‘Responding to death with death and anger with anger isn’t going to work’

Something inherently changes the way you see things after you’ve seen a terrorist attack. Some get captured and killed, some just get away. There is no closure.

Updated: November 30, 2016 2:19 pm

By Mythreyee Ramesh

It was to have been a night of fun and laughter. But 26/11 at Taj Mahal Palace Hotel, eight years ago, life as he knew it suddenly changed for Bhisham Mansukhani, a freelance journalist.

Bhisham and his mother were at the iconic Taj Mahal Palace Hotel to attend the wedding reception of a friend. Having met a few of his friends at the hotel’s lobby, they decided to proceed to the banquet hall where the reception was being held.

“A few of us decided to have a drink. That was when we thought we heard firecrackers,” he recounts. Even as they were wondering about firecrackers inside the hotel, the glass panel above the bar shattered. Suddenly there was gunfire. “We all ran and hid under the tables,” recounted Bhisham.

Emotional even eight years after the incident, he narrates how the staff at the Taj Mahal Palace made all the difference, saving so many lives that night. “I did not realise the intensity of the attack at first. I thought it was a gangster attack and would be over soon. The staff led us through the Chambers from the banquet hall and we were locked there. More and more people were added to the chamber, as the night wore on. That was when I realised it was more serious than anticipated. Suddenly, we heard that the dome was on fire. I thought to myself, this was as serious as it gets,” he says.

A few hours later, an evacuation was planned but right when they were to head out, there was a barrage of gunshots by terrorists. “There was complete chaos in the corridor. People were running around, women and children were crying, leading to a stampede in the corridor. I wasn’t reacting. I stood there frozen,” he recalled.

That’s when Rajan Kamble, the Taj staffer, was shot, trying to save a guest, right in front of Bhisham’s eyes. He narrates, painfully, how Kamble was laid on a couch and doctors in the room tried to save his life. He also recalled how Kamble had to bite on his hand so as to not cry out in pain and give away their location. “ My mother was sitting opposite to me, quietly praying. I went from feeling a tiny sense of hope to wanting it to end. I thought it was better for us to be shot at. Hope had turned to fatalism.”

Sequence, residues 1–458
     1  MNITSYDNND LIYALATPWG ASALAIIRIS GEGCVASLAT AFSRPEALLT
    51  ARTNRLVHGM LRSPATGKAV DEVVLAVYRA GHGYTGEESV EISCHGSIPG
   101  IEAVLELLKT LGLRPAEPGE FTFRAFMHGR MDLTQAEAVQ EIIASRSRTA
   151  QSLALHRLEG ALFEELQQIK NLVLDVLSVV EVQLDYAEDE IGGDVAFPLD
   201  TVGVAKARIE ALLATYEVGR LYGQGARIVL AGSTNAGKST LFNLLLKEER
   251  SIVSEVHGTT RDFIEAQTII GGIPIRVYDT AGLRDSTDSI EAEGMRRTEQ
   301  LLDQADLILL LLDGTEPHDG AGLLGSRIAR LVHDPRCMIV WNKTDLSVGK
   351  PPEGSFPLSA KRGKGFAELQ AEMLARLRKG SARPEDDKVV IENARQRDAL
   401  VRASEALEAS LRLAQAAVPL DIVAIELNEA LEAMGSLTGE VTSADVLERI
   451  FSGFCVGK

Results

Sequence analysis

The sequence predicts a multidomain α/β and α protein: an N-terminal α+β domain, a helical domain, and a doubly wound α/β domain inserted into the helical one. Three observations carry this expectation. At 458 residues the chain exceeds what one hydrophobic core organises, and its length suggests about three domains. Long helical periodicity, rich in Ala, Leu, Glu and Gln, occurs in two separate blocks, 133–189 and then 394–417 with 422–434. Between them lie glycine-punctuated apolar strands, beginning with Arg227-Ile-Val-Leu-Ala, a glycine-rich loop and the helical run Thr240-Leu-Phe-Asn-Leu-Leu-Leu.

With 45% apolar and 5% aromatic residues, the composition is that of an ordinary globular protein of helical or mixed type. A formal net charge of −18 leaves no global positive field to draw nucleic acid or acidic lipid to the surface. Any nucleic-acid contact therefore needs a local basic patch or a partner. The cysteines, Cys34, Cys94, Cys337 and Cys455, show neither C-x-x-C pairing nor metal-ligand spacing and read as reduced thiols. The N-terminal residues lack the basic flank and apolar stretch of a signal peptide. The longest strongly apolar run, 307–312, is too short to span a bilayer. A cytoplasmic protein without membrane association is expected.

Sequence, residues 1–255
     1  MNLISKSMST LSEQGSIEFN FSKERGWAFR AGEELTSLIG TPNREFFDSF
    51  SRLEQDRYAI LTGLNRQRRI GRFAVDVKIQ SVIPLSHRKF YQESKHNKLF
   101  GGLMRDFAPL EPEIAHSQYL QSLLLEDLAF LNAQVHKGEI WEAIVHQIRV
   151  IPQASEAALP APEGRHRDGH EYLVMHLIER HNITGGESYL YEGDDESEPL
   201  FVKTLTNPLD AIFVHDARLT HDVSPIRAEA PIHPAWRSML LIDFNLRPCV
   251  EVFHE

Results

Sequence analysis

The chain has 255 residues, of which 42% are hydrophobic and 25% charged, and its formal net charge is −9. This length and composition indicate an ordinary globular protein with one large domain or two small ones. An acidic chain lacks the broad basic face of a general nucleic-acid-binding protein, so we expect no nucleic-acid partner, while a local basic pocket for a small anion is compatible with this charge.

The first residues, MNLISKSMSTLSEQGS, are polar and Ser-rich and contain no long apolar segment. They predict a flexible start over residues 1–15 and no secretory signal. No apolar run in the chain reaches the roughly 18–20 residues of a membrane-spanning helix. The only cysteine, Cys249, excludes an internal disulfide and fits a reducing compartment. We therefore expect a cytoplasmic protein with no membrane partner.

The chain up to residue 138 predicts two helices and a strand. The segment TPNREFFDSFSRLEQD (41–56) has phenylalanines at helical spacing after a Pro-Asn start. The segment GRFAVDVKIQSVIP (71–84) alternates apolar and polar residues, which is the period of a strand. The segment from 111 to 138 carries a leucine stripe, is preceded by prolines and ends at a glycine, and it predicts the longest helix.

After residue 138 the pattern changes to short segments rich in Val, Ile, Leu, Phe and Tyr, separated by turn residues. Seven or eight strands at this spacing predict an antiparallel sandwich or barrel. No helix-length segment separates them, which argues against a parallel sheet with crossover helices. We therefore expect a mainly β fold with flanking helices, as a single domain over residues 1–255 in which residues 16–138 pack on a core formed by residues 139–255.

As the morning came, there was a loud bang on the door, the staff carefully opened the door a crack to find the marine commandos .

“As we entered the Taj lobby, there was a thick sheet of blood, glass was broken all around and the air was thick with gunpowder, making us all tear up. It was like a scene out of a film,” he said, recalling the minutest details, clearly still fresh in his mind.

As they stepped outside, letting some sense of comfort engulf them, they heard gun fire from the top floor. While the cops who were supposed to protect them ran for shelter, the staff formed a human chain around them and bravely escorted them to the BEST buses that were stationed outside for them. “I never thought I could get out of the hotel. It is an experience that is going to stay with me always. We were all vulnerable, and the NSG commandos and the staff were incredibly brave and saved us that day. It has made me realise the randomness of life but also that randomness is reality,” says Bhisham.

Express Photo/Pradip Das Bhisham says that we should make peace with the fact that we will always be vulnerable. Express Photo/Pradip Das

While he confesses to not understanding the concept of justice and revenge, he says that we should make peace with the fact that we will always be vulnerable. “Something inherently changes the way you see things after you’ve seen a terrorist attack. Some get captured and killed, some just get away. There is no closure. There is no explanation,” he explained, responding to how life has changed for the last eight years.

He was moved when terrorists attacked the Bataclan Theatre in Paris, last November. Having spent many months in Paris, he describes the city of Paris as a beautiful city with an essence of innocence and freedom. When the Bataclan attack occurred, he couldn’t help notice how Mumbai had become a template for terrorists to use.

While his mother and him make it a point to not discuss the attack, the one time they did not see eye to eye was when they took opposing stands to capital punishment. “If you respond to death with death and anger with anger, it is not going to work. It will make us fearful of living ordinary lives. I am saying this not just as a survivor,” he says.

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